Q: Religious liberty is very important to you, and you’ve stated that a Christian business owner should be able to refuse service to an LGBT couple seeking to wed. We disagree on this, but can you explain succinctly why you believe this?

A: I think the government should not coerce people with the threat of running them out of business to participate in activities that they believe to be immoral. There is a difference between a business selling a product and a person using his or her creative talents to participate in a ceremony that he or she believes to be immoral.

Q: Why do you think the Christian cake baker should be able to refuse service on religious grounds to an LGBT couple, but should not be able to refuse service on religious grounds to an interracial couple or Muslim couple?

A: I don’t think the issue is refusing service, but participating in a wedding that is a moral violation of their conscience. The belief about human sexuality is one held by every major religion. This is not some novel idea.

Q: But what if, for example, you had a cake baker who was a Bob Jones University graduate that believed the Bible taught that a black person shouldn’t marry a white person. Would you support that cake baker refusing to “participate” in an interracial wedding because it would be “a moral violation of their conscience”?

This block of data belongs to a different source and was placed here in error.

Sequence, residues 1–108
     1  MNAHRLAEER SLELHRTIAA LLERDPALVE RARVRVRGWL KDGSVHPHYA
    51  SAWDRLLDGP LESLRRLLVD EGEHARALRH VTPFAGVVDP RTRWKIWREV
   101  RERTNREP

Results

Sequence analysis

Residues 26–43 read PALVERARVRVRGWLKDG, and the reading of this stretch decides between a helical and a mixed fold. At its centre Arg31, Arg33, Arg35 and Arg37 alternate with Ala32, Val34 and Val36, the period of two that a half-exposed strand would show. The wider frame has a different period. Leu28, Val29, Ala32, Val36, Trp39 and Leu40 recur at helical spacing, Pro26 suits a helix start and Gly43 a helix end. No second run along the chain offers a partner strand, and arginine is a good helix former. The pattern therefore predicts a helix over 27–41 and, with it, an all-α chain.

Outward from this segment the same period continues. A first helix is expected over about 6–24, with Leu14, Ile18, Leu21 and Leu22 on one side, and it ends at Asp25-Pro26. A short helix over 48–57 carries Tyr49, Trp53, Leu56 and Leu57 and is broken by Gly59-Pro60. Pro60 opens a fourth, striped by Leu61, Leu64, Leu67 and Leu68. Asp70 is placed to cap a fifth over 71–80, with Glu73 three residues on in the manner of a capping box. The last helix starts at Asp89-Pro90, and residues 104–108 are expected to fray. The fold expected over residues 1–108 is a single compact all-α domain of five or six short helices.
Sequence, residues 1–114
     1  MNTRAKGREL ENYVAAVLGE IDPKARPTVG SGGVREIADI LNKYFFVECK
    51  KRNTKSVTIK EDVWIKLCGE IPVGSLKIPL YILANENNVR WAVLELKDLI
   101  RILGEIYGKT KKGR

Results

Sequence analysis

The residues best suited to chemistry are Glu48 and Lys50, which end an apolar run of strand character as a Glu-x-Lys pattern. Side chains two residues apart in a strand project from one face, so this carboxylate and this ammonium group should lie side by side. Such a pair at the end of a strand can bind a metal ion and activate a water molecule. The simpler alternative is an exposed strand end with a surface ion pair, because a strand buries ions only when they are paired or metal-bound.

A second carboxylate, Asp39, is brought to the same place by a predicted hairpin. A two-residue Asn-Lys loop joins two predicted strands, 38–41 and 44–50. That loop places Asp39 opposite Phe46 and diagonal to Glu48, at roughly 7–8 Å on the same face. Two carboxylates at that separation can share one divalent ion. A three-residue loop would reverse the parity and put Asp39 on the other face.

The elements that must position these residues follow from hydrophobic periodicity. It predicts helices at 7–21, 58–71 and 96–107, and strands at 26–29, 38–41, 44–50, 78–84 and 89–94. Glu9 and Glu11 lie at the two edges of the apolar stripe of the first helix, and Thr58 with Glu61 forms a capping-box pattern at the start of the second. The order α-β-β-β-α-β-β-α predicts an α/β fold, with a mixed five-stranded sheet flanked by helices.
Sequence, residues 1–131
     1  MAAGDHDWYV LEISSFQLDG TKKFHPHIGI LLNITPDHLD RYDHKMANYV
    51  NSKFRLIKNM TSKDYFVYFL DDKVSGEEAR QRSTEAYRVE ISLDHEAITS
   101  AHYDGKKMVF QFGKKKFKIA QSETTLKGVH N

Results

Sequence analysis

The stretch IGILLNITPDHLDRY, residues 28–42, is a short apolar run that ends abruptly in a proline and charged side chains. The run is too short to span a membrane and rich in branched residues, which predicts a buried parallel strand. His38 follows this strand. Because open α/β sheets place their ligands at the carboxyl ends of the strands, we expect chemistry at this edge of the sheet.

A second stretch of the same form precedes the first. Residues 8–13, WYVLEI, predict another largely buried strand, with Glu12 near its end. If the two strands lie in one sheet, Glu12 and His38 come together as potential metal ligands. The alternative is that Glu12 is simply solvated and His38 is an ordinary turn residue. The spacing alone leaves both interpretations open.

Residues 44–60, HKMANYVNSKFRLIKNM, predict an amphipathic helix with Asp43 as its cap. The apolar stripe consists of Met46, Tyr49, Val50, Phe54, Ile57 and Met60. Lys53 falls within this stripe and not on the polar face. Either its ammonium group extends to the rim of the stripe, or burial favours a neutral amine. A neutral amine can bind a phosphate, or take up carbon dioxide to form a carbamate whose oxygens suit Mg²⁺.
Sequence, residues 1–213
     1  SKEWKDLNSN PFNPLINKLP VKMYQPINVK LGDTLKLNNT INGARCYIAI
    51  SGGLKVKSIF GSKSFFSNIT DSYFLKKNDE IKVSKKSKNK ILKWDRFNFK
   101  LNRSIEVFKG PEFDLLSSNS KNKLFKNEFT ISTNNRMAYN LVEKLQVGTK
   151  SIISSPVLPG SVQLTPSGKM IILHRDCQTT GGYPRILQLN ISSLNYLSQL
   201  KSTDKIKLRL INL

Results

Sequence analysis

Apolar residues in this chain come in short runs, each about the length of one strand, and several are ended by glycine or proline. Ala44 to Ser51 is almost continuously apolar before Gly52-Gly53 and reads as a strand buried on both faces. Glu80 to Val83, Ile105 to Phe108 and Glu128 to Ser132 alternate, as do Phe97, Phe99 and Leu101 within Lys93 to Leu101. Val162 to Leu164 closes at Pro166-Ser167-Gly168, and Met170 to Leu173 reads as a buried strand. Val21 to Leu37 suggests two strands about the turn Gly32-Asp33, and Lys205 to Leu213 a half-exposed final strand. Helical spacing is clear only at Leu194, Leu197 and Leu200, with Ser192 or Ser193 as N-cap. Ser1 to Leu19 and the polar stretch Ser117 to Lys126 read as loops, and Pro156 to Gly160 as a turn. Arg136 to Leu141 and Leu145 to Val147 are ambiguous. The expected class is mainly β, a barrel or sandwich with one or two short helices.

A: No. Because no one is suggesting that religious liberty is an exemption from all laws and expectations. Rather, we are asking that the government show a compelling interest in why they are violating someone’s free exercise and how they are doing so in the least restrictive means. The government has shown a compelling interest in dealing with racial discrimination because we have a two-century-long history of state coercion of people on the basis of race. So I think the two categories are quite different.

Q: You took heat recently for opposing flying the Confederate flag on the grounds of the South Carolina Capitol. What do you think you understood about this issue that other Christians overlooked?

A: The thing that surprised me was that I wasn’t criticized that much. When I wrote that article, I expected enormous blowback but I believed it was the right thing to do. I was pleasantly surprised that there was very little criticism and almost no criticism from the South. Most of the hate mail I received on the battle flag came from Northern ZIP codes. I think that is because Southern people — white and black — understand the meaning of the flag.

Q: Some people seem to think that America is, morally speaking, getting worse every day. But it seems to me if you asked an African-American woman if we’re better off now than in the 1950s, I think she would have a slightly different answer than a wealthy white male. Do you think America is in moral decline?

Photo courtesy of Jonathan Merritt

Photo courtesy of Jonathan Merritt

A: I think we’re worse in some ways and better in some ways than we were 50 and 60 years ago. Cultural revolutions and moral trends are never permanent. The New Testament speaks about things going “from bad to worse” in 2 Timothy 3, but also says at the same time, speaking of false teachers, “they will not get very far.” So the biblical picture is not one of an upward, linear progress or a precipitous, downward decline. It is a more complicated picture of a fallen world in which there is a gospel of power.